Coronavirus

10 NJ Universities Join Forces, Want Students to Return to State for Higher Education

"It’s time to think about coming home," the presidents of the participating colleges and universities wrote in a joint statement.

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Some New Jersey colleges have launched a bid to lure students home and help them recover from the outbreak. What exactly are they offering? Gaby Acevedo reports.

What to Know

  • The presidents of 10 public universities and colleges in New Jersey have joined forces and issued a call for the 120,000 state residents who attend higher education institutions outside of the state to return home, enroll in New Jersey institutions, and help rebuild the state
  • As New Jersey continues to deal with the ongoing COVID-19 health crisis, the initiative aims to bring bright and talented young people back to the state to help rebuild its businesses, non-profits, schools and health system
  • New Jersey is the nation's second-most impacted state, reporting on Tuesday a total of 130,593 cases and 8,244 deaths statewide

The presidents of 10 public universities and colleges in New Jersey have joined forces and issued a call for the 120,000 state residents who attend higher education institutions outside of the state to return home, enroll in New Jersey institutions, and help rebuild the state as a part of a new New Jersey Scholar Corps.

The participating four-year institutions in the NJ Come Home Program are Montclair State University, the New Jersey Institute of Technology, Rowan University, Kean University, New Jersey City University, Ramapo College, Stockton University, The College of New Jersey, Thomas Edison State University, and William Paterson University.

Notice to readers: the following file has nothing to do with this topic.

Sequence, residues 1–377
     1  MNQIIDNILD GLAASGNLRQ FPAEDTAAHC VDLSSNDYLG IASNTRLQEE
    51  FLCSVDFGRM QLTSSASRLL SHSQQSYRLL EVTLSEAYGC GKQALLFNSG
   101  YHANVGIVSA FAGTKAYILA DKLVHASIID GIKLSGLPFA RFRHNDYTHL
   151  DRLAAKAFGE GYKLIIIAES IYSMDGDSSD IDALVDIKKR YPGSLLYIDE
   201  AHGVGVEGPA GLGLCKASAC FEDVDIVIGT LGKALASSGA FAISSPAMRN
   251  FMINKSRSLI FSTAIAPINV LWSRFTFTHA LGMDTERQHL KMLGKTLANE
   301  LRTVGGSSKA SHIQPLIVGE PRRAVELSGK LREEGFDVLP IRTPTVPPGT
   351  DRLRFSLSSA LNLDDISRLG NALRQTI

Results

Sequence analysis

As part of the new initiative, the participating higher education institutions will accept credits earned with a grade of C or better from an accredited out-of-state college or university.

Additionally, the institutions also promise access to financial aid programs offered by the state and the institution of higher education, a rapid application review and will offer guaranteed housing based on the availability at the time the student commits to attending the institution.

The group also highlights that the transfer may be of financial benefit to students, since tuition "may be lower than attending an out-of-state institution."

An estimated 33,000 New Jersey residents leave annually to attend an out-of-state college or university.

"It’s time to think about coming home," the presidents of the participating colleges and universities wrote in a joint statement.

New Jersey is the nation's second-most COVID-19 impacted state, reporting on Tuesday a total of 130,593 coronavirus cases and 8,244 deaths statewide. As New Jersey continues to deal with the ongoing health crisis, the initiative aims to bring bright and talented young people back to the state to help rebuild its businesses, non-profits, schools and health system.

“New Jersey needs your energy, your intelligence, and your commitment,” the joint statement says.

“This is an unprecedented period in our history, a time that calls for everyday heroes to show up and give back. Think of the Peace Corps and AmeriCorps. Think of those natural disasters and crises when young people turned out to fight for what’s right, to push us toward a hopeful future," the letter goes on to say.

The New Jersey Scholar Corps will also provide students with volunteer opportunities to serve their local communities, while gaining professional experience and building their networks.

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